55. The method of claim 53 wherein said input/output circuit accesses said memory cells from a selected one of said even horizontal rows to transfer said information for said data transfer operation.
56. The method of claim 51 wherein said decoder determines that said memory clock is currently synchronized with said second clock edge during a read operation, said precharge mechanism responsively beginning to precharge said memory cells from said even horizontal rows.
57. The method of claim 51 wherein said decoder determines that said memory clock is currently synchronized with said second clock edge, said decoder responsively determining whether said memory address is an odd memory address, said memory device aborting said data transfer operation when said memory address is not an odd memory address, said decoder activating a corresponding odd word line when said memory address is an odd memory address.
58. The method of claim 57 wherein said data transfer operation is a read operation, said input/output circuit selecting odd read bit lines coupled to said odd horizontal rows using corresponding multiplexors.
59. The method of claim 57 wherein said input/output circuit accesses said memory cells from a selected one of said odd horizontal rows to transfer said information for said data transfer operation.
60. The method of claim 31 wherein said memory device repeatedly and alternately accesses said first cell group on said first edge of said memory clock to transfer said information, said memory device also repeatedly and alternately accessing said second cell group on said second edge of said memory clock to transfer said information.
61. The method of claim 31 wherein said memory cells are divided into vertical rows that consume a reduced current draw from said memory device during a precharge/discharge cycle for a given transfer data throughput within a specified time period, because only either said memory cells from said first memory group or said memory cells from said second memory group are active for said data transfer operation.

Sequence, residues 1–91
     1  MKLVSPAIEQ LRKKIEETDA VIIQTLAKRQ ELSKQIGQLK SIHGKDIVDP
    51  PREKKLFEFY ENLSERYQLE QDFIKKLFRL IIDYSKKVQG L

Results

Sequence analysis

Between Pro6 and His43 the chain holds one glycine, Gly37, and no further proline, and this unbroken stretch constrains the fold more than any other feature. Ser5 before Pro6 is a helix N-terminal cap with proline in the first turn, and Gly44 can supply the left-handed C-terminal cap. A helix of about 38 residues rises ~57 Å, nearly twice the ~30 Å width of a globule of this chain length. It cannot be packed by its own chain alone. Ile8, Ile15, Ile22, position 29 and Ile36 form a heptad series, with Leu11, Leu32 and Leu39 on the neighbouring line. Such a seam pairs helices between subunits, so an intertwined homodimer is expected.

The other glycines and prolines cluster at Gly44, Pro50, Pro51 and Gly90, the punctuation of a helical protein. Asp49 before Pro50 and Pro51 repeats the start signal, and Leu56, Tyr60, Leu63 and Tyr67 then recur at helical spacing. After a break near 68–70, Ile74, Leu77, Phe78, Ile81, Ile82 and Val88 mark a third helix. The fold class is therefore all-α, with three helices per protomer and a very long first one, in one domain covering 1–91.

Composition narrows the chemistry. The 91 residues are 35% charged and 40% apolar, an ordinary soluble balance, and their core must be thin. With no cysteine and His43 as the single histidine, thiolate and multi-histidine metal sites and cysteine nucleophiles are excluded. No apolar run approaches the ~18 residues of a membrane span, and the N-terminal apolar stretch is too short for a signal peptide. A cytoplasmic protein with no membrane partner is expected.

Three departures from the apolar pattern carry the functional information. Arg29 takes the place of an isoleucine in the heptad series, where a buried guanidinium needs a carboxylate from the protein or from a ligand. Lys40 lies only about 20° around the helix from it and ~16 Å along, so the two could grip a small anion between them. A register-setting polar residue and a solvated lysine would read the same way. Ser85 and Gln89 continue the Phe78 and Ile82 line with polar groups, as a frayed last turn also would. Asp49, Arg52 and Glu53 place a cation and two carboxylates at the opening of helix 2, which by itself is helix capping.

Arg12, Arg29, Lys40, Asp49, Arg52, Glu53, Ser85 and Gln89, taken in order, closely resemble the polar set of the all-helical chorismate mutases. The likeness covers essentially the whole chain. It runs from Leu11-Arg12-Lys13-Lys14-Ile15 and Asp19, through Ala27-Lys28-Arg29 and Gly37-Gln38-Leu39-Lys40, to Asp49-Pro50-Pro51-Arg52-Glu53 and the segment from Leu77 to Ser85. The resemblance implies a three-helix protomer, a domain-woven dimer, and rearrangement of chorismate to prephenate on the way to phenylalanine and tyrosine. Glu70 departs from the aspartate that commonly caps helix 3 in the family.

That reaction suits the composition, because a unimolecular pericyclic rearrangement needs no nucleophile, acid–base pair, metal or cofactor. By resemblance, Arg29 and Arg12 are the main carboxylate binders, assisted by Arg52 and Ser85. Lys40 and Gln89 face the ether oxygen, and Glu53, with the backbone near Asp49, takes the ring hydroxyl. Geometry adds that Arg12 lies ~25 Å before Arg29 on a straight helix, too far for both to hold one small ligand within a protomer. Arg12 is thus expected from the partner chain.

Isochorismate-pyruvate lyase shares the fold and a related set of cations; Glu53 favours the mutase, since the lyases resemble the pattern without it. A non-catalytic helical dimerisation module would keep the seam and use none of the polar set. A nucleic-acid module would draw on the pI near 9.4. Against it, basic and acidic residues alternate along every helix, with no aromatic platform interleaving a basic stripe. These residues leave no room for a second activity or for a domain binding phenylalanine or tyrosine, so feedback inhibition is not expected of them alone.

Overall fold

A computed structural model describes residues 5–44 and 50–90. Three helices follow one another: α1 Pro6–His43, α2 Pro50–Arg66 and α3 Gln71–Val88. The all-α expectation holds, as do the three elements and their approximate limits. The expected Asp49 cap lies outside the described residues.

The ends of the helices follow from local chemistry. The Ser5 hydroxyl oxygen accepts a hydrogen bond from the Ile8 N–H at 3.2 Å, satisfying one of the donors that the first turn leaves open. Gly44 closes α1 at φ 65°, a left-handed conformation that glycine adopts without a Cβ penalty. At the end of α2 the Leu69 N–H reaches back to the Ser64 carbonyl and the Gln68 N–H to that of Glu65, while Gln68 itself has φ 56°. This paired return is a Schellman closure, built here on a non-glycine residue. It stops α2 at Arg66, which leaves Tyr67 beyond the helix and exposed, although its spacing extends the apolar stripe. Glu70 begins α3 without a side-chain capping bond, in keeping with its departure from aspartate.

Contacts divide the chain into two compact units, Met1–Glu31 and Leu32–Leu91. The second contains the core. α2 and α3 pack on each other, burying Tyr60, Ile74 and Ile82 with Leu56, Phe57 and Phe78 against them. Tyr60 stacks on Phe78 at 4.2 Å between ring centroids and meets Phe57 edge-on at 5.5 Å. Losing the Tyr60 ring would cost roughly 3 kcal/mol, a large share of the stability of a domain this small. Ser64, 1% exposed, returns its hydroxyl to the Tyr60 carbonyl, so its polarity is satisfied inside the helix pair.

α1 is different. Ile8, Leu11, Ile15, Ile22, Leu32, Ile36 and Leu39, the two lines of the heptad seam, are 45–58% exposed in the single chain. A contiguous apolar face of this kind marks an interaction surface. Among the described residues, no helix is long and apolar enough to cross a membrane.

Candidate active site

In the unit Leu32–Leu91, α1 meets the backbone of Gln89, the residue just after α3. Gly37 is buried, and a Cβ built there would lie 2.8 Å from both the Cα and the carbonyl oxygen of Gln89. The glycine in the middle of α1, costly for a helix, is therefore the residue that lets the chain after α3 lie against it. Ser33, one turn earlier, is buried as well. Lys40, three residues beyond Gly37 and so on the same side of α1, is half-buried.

62. A system for implementing a memory device to perform a data transfer operation, comprising:
means for configuring memory cells from said memory device into a first cell group and a second cell group for storing information;
means for accessing said first cell group on a first edge of a memory clock to transfer said information; and
means for accessing said second cell group on a second edge of said memory clock to transfer said information.
Description
BACKGROUND SECTION

1. Field of the Invention

This invention relates generally to electronic memory systems, and relates more particularly to a local system and method for efficiently implementing a double data rate memory architecture.

2. Description of the Background Art

Implementing efficient methods for managing data is a significant consideration for designers and manufacturers of contemporary electronic devices. However, managing data storage and retrieval operations in an electronic device may create substantial challenges for designers of electronic networks. For example, enhanced demands for increased device functionality, bandwidth, and performance during data transfer operations may require more system processing power and require additional hardware resources. An increase in processing or hardware requirements may also result in a corresponding detrimental economic impact due to increased production costs and operational inefficiencies.